‘Monstrous births’ and the making of race in the nineteenth-century United States


From the Middle Ages to the Enlightenment, “monstrous births” — malformed or anomalous fetuses — were, to Western medicine, an object of superstition. In 19th-century America, they became instead an object of the “modern scientific study of monstrosity,” a field formalized by French scientist Isidore Geoffroy Saint-Hilaire. This clinical turn was positioned against the backdrop of social, political, and economic activity that codified laws governing slavery, citizenship, immigration, family, wealth, and access to resources. In a new article published in Isis: A Journal of the History of Science Society, “Monstrosity in Medical Science: Race-Making and Teratology in the Nineteenth-Century United States,” Miriam Rich demonstrates how scientific interest in monstrous births served as a mechanism for stabilizing notions of race and racial hierarchy, and shaped modern medical discourse into a project of making race.

Rich presents three frameworks, or “logics of race,” that structured the study of monstrous birth, beginning with the schema of development in the field of teratology. Teratology, informed by the theory of epigenesis, proposed that monstrosity was caused by an arrest in the development of a fetus before it could reach its final, more perfect form. This model was predicated on a belief in both teleological progress and a hierarchy of being. It overlapped with taxonomies of race that placed white Europeans at the top, and therefore implied a correlation between infant “monsters” and the racialized subjects who fell farther down the continuum of species. As Rich writes, “Through the scientific framework of teratological development, monstrosity gained specificity as a way to articulate the nature of racial difference — as hierarchical, temporalized, and biologically embodied.”

The second logic of race articulated by Rich is that of the monster as “a race apart.” The “race apart” framework proposed that monstrous births comprised their own species, distinct even from human race categories, and was supported by the fact that monsters could be born to women of any race. Rich draws upon the examples of an enslaved Black woman in Georgia and a white English woman in Philadelphia, both of whom gave birth to infants with anencephaly. As she notes, “Within a leading taxonomic cosmology of the era’s medical science…the two women in these cases did not belong to the same species as one another — but, remarkably, their monstrous infants did.” Rich suggests that despite the departure this theory represents from contemporary notions of race as congenital and immanent, the “race apart” thesis was ultimately used to legitimize a system of racial hierarchy.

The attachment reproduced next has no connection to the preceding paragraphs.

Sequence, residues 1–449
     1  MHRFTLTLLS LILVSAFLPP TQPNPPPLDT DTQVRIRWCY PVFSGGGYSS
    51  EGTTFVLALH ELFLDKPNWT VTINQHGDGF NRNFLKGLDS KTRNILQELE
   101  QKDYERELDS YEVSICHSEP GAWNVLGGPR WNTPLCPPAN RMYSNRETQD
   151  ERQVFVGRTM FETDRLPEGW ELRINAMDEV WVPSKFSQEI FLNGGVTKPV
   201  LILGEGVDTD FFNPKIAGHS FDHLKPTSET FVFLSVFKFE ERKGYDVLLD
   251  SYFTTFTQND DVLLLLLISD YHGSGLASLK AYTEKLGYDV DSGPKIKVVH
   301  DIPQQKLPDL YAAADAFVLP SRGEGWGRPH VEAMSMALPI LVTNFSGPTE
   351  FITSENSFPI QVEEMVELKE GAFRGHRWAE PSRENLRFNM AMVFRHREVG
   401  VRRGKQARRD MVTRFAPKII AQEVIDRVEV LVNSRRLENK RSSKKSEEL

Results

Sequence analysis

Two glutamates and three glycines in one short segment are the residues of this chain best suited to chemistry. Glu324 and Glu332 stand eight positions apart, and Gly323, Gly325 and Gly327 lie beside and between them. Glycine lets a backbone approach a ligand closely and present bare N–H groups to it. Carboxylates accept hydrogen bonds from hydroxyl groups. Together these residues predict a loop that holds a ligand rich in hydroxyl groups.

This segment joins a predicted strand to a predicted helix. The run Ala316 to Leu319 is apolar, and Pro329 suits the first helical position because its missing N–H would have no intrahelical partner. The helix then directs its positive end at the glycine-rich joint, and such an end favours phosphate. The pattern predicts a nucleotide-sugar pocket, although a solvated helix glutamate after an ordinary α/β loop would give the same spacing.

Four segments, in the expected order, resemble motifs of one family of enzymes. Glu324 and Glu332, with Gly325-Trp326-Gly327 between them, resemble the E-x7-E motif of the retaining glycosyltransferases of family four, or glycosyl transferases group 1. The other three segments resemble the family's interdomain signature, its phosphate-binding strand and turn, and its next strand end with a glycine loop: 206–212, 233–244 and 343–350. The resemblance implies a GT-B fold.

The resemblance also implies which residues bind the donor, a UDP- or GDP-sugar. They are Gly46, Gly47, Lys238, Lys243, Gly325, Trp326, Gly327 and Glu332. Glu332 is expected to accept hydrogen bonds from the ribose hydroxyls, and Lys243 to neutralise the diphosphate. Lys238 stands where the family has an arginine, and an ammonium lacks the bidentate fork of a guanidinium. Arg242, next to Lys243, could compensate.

The third and final logic of race examined in this article is that of “monstrosity as racial degeneracy.” In the aftermath of Emancipation, fears on the part of white hegemony regarding the destabilized racial categories that slavery had once upheld were transmuted into fears regarding social and evolutionary decline. Since the favored model of Darwinian evolution at this time was one of progress, and the theory of teratology had conflated fetal developmental progress with whiteness, monstrous births in this period were seen as signs of atavism, and thus of regression into non-whiteness. In addition to reinforcing the racial boundaries of the late 19th-century, Rich writes, this schema of monstrosity would also pave the way for early 20th-century eugenics.

In this article, Rich argues that the interpretation of monstrosity used by 19th-century scientists had significant implications for the racial caste system in the United States and for medicine as a discipline. The study of monstrous births shaped human reproduction into a site of the inscription of fixed racial difference, and embedded within modern medical discourse a practice of racial hierarchy.



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